Deadly Plants Squashed Under Plastic by Artist Ant Hamlyn Question the Paradox of Preservation

September 29, 2022

Grace Ebert

“Daffs,” 120 x 95 x 15 centimeters. All images courtesy of Moosey Art Norwich, shared with permission

The botanical works of West London-based artist Ant Hamlyn are studies of dichotomies and paradoxes. Polarities of the organic and synthetic, comfort and danger, and preservation and destruction emerge from his sculptures, which are comprised of playful, stylized interpretations of natural life pressed under sheets of acrylic.

On view as part of his solo show Tread Softly, Hamlyn’s most recent pieces include yellow daffodils, nightshades, and a pink flowering cactus that, although alluring for their blossoms, are extremely harmful if touched or ingested in real life. This sinister undertone pervades the body of work, which broadly addresses the precarious boundary between life and death. All of Hamlyn’s squished fabric specimens, for example, are depicted at their prime while being suffocated under a polyurethane coating and plastic panel. The artist shares:

When I think about the past time of ‘pressing flowers,’ I think about how when we crush a flower to preserve its beauty, we essentially destroy it to preserve it. These works are at once a celebration and a critique. The human relationship to flowers is a complex one in the way they symbolise love and loss simultaneously. For example, we give dying flowers to each other both in celebration and in grief.

If you’re in Norwich, you can see Tread Softly through October 8 at Moosey Art. Otherwise, head to the artist’s site and Instagram for more of his squished botanicals. (via It’s Nice That)


“Fly Agaric,” 120 x 95 x 15 centimeters

“Deadly Nightshade,” 120 x 95 x 15 centimeters

“Pink Flowering Cactus,” 120 x 95 x 15 centimeters

Left: “Thistle,” 120 x 95 x 15 centimeters. Right: “Red Dragon Fly Trap,” 60 x 50 x 8 centimeters

“Lily of the Valley,” 60 x 50 x 8 centimeters



Art Craft

A Menagerie of Contemplative Animals by Mila Zemliakova Weave Textile Traditions and Nature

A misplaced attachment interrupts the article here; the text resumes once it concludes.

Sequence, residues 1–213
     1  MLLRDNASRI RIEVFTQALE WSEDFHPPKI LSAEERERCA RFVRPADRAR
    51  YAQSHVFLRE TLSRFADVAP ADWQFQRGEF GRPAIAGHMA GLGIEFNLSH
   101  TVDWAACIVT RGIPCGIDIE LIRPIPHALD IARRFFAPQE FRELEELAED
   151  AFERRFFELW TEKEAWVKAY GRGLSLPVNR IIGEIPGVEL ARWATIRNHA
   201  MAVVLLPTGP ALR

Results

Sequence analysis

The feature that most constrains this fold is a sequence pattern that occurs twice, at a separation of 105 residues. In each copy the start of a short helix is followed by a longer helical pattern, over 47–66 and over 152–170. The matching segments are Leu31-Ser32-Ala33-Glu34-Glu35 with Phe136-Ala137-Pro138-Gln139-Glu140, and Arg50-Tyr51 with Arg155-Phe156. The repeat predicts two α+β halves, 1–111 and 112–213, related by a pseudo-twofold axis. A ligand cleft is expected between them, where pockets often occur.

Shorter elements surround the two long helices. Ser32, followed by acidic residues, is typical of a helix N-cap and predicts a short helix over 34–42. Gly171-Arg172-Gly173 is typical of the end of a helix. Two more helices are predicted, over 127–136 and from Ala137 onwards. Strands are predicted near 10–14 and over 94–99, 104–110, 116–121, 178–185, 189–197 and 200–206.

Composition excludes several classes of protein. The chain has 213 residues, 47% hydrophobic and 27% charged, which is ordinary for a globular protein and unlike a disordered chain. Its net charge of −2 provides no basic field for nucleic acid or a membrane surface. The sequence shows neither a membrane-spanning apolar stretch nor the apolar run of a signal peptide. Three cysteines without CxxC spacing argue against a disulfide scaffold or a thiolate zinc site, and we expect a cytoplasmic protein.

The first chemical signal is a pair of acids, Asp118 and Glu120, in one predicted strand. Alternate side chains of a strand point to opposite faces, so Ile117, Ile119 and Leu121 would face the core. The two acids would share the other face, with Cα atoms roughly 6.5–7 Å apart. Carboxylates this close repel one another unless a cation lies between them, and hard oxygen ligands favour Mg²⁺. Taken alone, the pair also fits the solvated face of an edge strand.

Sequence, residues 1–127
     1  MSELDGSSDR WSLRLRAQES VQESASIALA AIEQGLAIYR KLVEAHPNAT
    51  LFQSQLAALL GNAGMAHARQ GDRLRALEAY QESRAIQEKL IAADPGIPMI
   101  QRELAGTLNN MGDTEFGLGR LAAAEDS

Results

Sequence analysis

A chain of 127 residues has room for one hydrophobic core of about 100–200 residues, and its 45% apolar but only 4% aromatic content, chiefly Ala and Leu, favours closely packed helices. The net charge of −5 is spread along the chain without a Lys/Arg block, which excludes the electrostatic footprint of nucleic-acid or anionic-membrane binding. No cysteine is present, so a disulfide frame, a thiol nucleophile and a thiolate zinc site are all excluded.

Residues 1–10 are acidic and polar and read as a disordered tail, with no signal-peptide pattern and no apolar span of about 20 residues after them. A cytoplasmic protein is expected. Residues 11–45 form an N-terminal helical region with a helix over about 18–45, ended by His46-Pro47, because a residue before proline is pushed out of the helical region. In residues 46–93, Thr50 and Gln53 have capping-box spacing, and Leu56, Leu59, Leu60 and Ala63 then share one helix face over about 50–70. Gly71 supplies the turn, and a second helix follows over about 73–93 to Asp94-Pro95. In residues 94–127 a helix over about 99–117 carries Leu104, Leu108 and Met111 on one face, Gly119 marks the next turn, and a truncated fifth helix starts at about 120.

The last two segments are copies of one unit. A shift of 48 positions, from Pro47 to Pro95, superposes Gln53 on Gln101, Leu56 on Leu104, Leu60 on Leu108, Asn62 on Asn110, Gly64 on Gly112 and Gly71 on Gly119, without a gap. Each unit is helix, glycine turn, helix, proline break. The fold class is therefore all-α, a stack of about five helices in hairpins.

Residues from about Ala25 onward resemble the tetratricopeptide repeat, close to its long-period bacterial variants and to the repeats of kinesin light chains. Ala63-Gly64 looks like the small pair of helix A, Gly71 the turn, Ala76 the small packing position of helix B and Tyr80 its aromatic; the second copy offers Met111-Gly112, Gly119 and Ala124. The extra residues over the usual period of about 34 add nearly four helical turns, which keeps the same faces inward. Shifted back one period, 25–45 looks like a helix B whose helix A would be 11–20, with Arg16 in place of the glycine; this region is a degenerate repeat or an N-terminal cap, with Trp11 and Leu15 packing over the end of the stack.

September 29, 2022

Grace Ebert

All images © Mila Zemliakova, shared with permission

Using vintage textiles from both her personal and her family’s collection of bedspreads and home decor, artist Mila Zemliakova sews plush animal sculptures that connect various traditions of her Belarusian heritage. She draws correlations between her chosen creature and each pattern, color, and type of fabric, capturing the essence of a deer in floral brocade or that of a bison with tufted gray wool.

Largely oversized and perched in chairs, the anthropomorphic characters are expressive and often photographed outdoors in states of contemplation and solitude. In a note to Colossal, the artist shares that she sees the growing menagerie as embodying “the connection of Belarusians with their nature, as well as with their traditions, which are now in a dangerous position and under repression.”

Some of Zemliakova’s sculptures are available for purchase from Art Center or on Instagram, where you can also watch her at work.






Explosive Photos by Ray Collins Capture the Ocean’s Mercurial Nature As It Erupts in Extravagant Bursts

September 29, 2022

Grace Ebert

“VII.” All images © Ray Collins, shared with permission

Ever fickle, the ocean and all its excitable energy provide endless fodder for Ray Collins (previously). The Australian photographer, who is based in Wollongong, is known for his dramatic images that capture the diversity of textures and forms that emerge from the water. Waves undulate into scaly walls, fine mists erupt in the air, and surges turn in on themselves, creating eerie, patterned tunnels. Each image emphasizes the capricious nature of the water, which Collins shares as the impetus for his practice. “I’m fortunate that my subject, the ocean, is never the same. There are always new emotions and feelings to capture. As long as I show up with a blank slate I will find new and beautiful moments,” he says.

Collins has several books and prints available on his site, and you can find a massive archive of his photos on Instagram.


“Tree of Life”



Left: “Aberrant.” Right: “Convergence”


Left: “Fortitude.” Right: “Cauldron”





Elegantly Sculpted Busts by Massimiliano Pelletti Interpret Art History Through Imperfection

September 28, 2022

Grace Ebert

Detail of “Venus de Medici” (2020), pink onyx, 67 x 34 x 45 centimeters. Photo by Nicola Gnesi, courtesy of Massimiliano Pelletti

Italian artist Massimiliano Pelletti (previously) gravitates toward imperfection, and his practice revolves around transforming presumed defects like impurities, cracks, or chips into elegantly carved figures. Pink marble sliced to reveal the stone’s pillowy, crystalline insides bisects the artist’s interpretation of Venus de Medici, while in “Blue Venus,” marbled sodalite and Mexican white onyx are spliced together into a fully formed bust. Contrasting smooth segments with the rough texture of unpolished stone, Pelletti evokes art history and ancient sculpture traditions through the lens of flaw and fallibility.